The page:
Wednesday, October 28, 2009

When is a laser not a laser?

I just happened to catch the weather person on the 11 o'clock news refer to an approaching cold front as "straight as a laser." Normally I'd let something like this slide, but for some reason it penetrated my tired brain.

I just happened to catch the weather person on the 11 o'clock news refer to an approaching cold front as "straight as a laser." Normally I'd let something like this slide, but for some reason it penetrated my tired brain.

"Why," I asked my wife, "Do people use the term laser when they mean laser beam?" During the baseball season I heard "like a laser" used countless times to describe a thrown high fast ball or a line drive to left field. Again meaning a laser beam not a laser.

For the record, officially and correctly, a laser is a device that generates coherent bundles of photons that are focused into a high energy density spot that can produce a physical change in a material. Simple definition. The laser is a device that that produces a beam of light, and it's this beam of light that is straight and bright.

So, no more straight as a laser folks, it's straight as a laser beam.

Having said this I'll move onto criticism raised by Martien van Dijk (ILS Editorial Advisor). It's not turbine blade drilling, it's laser drilling of turbine blades, he reminded me in a recent e-mail response to a query about the process, of which he is an expert. His exact comment was, "English is not my native tongue but in Dutch we can't say 'turbine blade drilling.' We would say, 'drilling of turbine blades.' Turbine blade drilling would be correct if the process was named turbine blade, but we can say laser drilling, although I would say drilling of airfoils."

I sheepishly accepted Martien's grammar lesson acknowledging my error, but completely forgetting to correct him on the process, which is actually laser beam drilling of turbine blade holes.

ILS is read in more than 130 countries around the world, mostly in English, but also in Simplified Chinese and Japanese (Kanji, Katakana, and Hiragana). By not paying strict attention to the incorrect usage of terms we, ourselves, are promulgating the problem worldwide. Imagine an engineer in China scratching his head as he tries to puzzle out turbine blade drilling, or whatever it translates into simplified Chinese.

To begin with, the word laser is an acronym for Light Amplification by Stimulated Emission of Radiation. When I first started working with this device we were referring to it as an optical maser (shows you how old I am--actually I was a child prodigy). In fact, when I wrote a thesis on this technology as a postgraduate it was the first time I used laser as a term. Recently while researching for a patent litigation I found terms used in the 1960s like--to laser or lasering a material--so already it was being used as a verb instead of its proper use (according to Webster) as a noun. Even today when I see this usage I cringe as it is not one that I accept as correct.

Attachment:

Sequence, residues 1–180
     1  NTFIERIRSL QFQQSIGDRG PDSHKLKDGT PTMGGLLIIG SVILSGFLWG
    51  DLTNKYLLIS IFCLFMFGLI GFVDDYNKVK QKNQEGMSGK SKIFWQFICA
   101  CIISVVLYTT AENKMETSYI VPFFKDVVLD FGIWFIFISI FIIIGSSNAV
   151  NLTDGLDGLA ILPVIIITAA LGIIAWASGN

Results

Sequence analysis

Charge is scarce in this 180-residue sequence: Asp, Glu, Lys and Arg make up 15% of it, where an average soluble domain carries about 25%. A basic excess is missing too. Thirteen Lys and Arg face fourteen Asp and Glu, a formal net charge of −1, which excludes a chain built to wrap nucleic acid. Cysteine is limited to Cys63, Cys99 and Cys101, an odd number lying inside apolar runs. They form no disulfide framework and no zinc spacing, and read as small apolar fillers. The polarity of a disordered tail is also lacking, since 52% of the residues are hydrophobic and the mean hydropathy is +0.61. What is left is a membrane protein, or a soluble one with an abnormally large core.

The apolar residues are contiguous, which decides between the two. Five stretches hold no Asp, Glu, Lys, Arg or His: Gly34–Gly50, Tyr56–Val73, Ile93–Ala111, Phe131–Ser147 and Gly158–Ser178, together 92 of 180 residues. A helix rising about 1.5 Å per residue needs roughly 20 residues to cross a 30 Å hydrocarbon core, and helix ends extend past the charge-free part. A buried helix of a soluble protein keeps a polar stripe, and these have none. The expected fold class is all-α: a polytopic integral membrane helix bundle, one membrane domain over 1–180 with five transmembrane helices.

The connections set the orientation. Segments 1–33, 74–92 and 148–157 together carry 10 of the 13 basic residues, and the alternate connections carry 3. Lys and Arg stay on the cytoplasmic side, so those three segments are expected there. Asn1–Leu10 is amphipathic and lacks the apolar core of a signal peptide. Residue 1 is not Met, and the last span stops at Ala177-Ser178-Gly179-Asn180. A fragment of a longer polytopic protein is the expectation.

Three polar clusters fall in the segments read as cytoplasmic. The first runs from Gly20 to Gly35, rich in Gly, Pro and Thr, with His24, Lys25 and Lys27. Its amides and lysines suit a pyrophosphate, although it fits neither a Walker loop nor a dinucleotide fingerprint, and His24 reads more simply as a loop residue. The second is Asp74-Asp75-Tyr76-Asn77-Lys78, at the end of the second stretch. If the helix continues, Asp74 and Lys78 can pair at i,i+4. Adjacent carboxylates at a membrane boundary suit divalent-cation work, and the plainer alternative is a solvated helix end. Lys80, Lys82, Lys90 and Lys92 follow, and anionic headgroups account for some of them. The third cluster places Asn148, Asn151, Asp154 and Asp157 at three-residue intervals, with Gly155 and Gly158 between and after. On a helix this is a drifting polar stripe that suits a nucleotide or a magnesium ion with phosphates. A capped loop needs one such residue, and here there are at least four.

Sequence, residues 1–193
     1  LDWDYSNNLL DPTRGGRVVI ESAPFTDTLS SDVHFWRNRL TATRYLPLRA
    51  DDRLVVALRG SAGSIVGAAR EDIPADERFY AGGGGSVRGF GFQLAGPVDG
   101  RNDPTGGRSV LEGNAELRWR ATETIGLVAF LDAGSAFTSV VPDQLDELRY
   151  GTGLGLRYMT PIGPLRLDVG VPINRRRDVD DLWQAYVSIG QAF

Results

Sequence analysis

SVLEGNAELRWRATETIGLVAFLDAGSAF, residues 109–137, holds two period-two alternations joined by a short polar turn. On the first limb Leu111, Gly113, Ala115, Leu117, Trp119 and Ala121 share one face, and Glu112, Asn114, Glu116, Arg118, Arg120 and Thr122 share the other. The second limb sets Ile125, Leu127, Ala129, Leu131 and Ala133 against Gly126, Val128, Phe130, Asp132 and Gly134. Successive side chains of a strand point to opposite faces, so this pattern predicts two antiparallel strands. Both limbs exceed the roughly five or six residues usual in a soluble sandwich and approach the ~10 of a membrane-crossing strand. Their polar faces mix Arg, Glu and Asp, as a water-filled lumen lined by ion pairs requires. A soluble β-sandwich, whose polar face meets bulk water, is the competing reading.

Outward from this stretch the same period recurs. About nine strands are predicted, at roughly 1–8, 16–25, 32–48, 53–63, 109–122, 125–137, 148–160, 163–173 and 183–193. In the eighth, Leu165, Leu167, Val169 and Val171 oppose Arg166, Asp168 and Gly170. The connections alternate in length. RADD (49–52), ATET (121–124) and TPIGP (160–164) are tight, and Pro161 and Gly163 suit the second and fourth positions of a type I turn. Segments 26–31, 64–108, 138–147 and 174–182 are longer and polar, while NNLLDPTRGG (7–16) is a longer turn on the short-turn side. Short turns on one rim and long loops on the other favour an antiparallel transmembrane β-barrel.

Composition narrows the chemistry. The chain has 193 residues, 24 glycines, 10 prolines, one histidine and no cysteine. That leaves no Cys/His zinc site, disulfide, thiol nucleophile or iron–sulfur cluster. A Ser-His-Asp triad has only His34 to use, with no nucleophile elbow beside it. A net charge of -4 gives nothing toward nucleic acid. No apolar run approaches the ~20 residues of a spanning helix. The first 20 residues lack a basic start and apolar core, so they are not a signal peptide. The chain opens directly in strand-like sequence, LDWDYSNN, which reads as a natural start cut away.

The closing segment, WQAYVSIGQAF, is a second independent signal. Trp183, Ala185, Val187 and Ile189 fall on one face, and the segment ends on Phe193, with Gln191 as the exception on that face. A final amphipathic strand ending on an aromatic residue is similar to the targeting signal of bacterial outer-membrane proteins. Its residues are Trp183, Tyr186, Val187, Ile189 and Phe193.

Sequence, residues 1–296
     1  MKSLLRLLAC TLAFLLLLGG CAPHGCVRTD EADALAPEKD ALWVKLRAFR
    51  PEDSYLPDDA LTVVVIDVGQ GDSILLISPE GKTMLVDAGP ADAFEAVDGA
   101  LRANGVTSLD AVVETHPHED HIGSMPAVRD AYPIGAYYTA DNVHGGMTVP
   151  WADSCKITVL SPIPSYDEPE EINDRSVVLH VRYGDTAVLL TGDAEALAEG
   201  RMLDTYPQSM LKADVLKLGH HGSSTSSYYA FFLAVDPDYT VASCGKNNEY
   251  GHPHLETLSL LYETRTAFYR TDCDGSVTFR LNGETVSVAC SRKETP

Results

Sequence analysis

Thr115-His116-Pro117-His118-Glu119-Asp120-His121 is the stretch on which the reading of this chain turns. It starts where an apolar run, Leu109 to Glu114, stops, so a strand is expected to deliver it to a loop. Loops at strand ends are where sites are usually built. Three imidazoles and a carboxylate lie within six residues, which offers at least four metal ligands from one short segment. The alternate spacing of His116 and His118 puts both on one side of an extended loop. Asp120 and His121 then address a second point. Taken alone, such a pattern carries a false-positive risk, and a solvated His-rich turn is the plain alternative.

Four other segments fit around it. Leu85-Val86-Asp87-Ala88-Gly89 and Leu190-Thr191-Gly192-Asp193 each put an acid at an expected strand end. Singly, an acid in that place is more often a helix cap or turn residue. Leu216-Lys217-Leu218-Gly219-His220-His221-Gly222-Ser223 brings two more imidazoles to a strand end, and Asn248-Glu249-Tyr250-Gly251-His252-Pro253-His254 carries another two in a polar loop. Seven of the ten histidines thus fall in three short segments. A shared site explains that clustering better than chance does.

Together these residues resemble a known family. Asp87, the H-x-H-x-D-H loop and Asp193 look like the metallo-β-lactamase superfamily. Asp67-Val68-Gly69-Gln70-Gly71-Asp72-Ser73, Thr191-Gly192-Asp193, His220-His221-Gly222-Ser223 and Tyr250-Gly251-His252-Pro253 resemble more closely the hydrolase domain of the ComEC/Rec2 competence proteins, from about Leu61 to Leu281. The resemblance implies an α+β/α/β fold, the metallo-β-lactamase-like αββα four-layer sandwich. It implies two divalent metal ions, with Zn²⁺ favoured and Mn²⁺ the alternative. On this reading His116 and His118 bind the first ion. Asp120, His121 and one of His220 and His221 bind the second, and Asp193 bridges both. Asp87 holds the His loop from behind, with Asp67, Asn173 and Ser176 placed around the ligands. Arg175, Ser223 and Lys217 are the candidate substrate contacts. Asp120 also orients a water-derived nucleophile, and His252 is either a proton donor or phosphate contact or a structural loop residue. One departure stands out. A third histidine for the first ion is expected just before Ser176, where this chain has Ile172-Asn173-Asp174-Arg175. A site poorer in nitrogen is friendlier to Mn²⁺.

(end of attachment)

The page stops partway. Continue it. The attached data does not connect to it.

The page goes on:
If we accept the correct definition of the word then the laser is always the device that is producing light radiation (the laser beam). And carrying this one step further technically this radiation, since it is produced in a manmade device will spread forever (diverge) as it, now the laser beam by definition, radiates unless we intercept it with an optical element that will cause it to focus (usually converging) to a usable spot size for laser beam processing.

It's these last three words that pose my conundrum. Many times when I am writing or lecturing I will use the laser beam term correctly, but more often I, like others, revert to shorthand and substitute laser. Thus, laser drilling of turbine blades. I know it's incorrect and when I edit articles submitted to ILS I try to use the correct terminology, but find that I accede to the author's usage and use laser instead of laser beam.

I can think of two acquaintances who would not hesitate to take me to task on this, one a former co-worker who as a scientist was super critical of my marketing use of terms like beam delivery (instead of beam generation), the other a former editorial colleague who would not hesitate to quote the New York Times style manual of the terms as gospel. As I write and edit I've got these guys perched on my shoulders reading every word I produce. Both don't hesitate to box my ears when I get it wrong. So with proverbial cauliflower ears I slog my way through texts, mixing terms, all in the spirit of writing to readers' levels. My premise--it is common usage today, although technically wrong to call a laser beam a laser.

Is it legitimate for an editor to seek protection for error under the guise of "common usage?" And this is what I have been wrestling with for the past few days. I'll be honest with you, after 24 years of editing and more than that writing I have yet to hear from anyone about improper use of the term laser when laser beam is intended. So I suppose this blog will open the floodgates of comments from those more grammatically correct than me.

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